Are You Remarkable?

In a world troubled with polarization, patronization and partisan posturing, remarkable leadership is in short supply. As we divide along ideology and certainty, we need remarkable leaders more than ever.

Remarkable leaders use their strengths to strengthen others. They believe that everyone is far more capable than they get to demonstrate and are far more capable than they are generally given credit for.

Remarkable leaders ensure that everyone on their team has the information and resources to make the best decisions and to be able to add the highest value they can to the efforts of the team. If a team member makes a choice based on the information and circumstances and it turns out that the outcomes and consequences were negative, everyone will use it as a learning experience rather than a performance evaluation.

Remarkable leaders provide navigation aids rather than directions. They lavish autonomy, mastery, and purpose (Thanks, Daniel Pink) on their troupe so that the music they make together is both unexpected and inspirational.

Remarkable leaders pour themselves, warts, wishes, worries on the table for all to see, and then they model behavior that shrinks warts, manifests wishes, and turns worries into opportunities. If you, as a remarkable leader, become part of the rhythm of the band, swelling when strength is needed and listening when other's voices rise up, then the song becomes a collaborative creation worthy of the gifts and talents of all the players. If the remarkable leader isn't always writing the score or conducting, she can contribute to harmony or throw in the occasional improvisation or even sit in the balcony and be marveled by the show.

Whether observing the performance or playing along with the orchestra, remarkable leaders extend credit to the entire team, in the presence of the entire team, and when an oboist, flutist, or vocalist nails a solo, the leader recognizes them with specific and immediate praise. This praise recognizes excellence but all forms of feedback are needed to foster continuous improvement and maintain high standards. Many remarkable leaders resist giving any feedback (positive or less positive) because they attempt to lead by being a remarkable friend.

As a remarkable leader, you can expect to be called on to make difficult decisions. What pieces will we play in each show and what will be the grand theme for our season. Difficult decisions need the best information and the best information comes from the input of the entire orchestra. But in the end, the decision about the mission of the company and instruments and players needed lays with the remarkable leader. The responsibility for protecting the mission should be the leader's prime imperative.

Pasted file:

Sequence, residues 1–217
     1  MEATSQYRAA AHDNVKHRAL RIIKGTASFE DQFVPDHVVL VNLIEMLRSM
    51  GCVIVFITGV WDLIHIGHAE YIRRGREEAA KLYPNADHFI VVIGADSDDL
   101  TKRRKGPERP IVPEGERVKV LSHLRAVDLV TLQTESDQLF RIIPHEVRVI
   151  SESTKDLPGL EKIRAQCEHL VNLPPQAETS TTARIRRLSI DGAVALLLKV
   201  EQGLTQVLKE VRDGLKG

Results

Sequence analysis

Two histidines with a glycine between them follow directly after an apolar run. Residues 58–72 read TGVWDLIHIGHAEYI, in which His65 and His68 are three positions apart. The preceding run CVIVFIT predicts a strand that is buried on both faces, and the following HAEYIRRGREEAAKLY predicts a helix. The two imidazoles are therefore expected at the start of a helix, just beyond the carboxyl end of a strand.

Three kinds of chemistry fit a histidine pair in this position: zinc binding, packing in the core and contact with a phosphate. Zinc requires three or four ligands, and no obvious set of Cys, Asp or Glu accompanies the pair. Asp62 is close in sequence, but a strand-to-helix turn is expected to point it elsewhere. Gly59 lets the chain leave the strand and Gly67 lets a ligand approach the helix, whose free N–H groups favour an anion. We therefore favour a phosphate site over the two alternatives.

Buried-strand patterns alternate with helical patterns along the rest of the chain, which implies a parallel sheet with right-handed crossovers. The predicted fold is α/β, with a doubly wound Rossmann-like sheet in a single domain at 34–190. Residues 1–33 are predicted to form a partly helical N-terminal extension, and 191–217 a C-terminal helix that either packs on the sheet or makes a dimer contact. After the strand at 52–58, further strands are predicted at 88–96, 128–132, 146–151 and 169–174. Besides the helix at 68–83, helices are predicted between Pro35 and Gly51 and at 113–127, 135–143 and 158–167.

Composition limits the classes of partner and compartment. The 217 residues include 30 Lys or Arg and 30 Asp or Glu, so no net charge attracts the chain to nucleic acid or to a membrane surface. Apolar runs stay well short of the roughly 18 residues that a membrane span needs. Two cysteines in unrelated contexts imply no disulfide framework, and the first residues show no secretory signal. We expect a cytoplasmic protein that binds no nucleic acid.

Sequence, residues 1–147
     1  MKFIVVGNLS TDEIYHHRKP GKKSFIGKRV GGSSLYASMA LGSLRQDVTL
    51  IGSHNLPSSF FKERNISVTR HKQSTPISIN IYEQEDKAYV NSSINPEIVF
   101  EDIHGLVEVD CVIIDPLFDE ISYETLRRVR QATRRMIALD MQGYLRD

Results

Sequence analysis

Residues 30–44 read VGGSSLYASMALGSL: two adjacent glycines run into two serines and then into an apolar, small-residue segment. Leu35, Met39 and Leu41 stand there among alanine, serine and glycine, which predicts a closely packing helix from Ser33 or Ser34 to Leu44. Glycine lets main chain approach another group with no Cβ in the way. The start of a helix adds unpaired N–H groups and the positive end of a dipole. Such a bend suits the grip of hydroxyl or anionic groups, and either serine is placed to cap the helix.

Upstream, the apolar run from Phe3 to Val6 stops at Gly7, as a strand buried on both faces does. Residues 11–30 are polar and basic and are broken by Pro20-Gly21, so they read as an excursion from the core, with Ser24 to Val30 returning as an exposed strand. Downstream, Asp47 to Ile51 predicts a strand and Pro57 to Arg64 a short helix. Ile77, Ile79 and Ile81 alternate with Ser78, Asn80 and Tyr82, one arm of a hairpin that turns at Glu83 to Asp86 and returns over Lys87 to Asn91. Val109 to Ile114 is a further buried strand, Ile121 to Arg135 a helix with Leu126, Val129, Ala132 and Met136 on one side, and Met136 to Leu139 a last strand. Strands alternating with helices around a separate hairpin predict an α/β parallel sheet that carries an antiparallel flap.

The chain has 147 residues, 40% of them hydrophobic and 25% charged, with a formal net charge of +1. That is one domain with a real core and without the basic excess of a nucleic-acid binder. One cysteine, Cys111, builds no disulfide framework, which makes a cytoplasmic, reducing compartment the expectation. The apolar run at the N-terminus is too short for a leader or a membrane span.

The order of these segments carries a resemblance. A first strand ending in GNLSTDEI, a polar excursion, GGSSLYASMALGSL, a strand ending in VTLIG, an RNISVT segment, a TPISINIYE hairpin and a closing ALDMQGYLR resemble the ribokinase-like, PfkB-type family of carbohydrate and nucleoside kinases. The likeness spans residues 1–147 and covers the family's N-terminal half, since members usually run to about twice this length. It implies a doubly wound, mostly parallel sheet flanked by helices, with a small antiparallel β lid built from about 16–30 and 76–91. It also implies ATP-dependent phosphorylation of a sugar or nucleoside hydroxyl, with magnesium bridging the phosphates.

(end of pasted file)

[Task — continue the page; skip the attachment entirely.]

At the end of each performance, after the bows, curtain calls, and encores it is time to reflect on the show that was and what tomorrow or next season or the next decade could bring. Remarkable leaders have remarkable vision, honed by experience, informed by research, and courageously audacious through the equal measure of grand successes and the lessons learned from grand stumbles.

Remarkable leadership never stops; yesterday's lessons are remembered, today's opportunities are celebrated, and tomorrow's possibilities are embraced. Strategy and planning are tempered with the realization that certainty is less certain than 20 years ago, that today's best practices may be seen as foolish in 5 years, and that something earth-shattering is closer than most imagine.

Take up your baton, blow your horn, celebrate excellence and improve with rehearsal - become a remarkable leader.


Bob McInnis is a provocateur and coach working with startups and organizations that have recognized that their strategic position is unattainable or unworthy of attaining. Over the past ten years, he has been invited to participate in conferences and speaker series where he gets to ask ridiculously impossible questions and then work with delegates and teams to find equally ridiculous and impossible answers to some of our most wicked problems. He and his wife volunteer as Readers in Residence at the Calgary Children's Reading Place and this summer helped 350 children and their families discover the joy and confidence that reading brings.

Photo Credit: Pixabay

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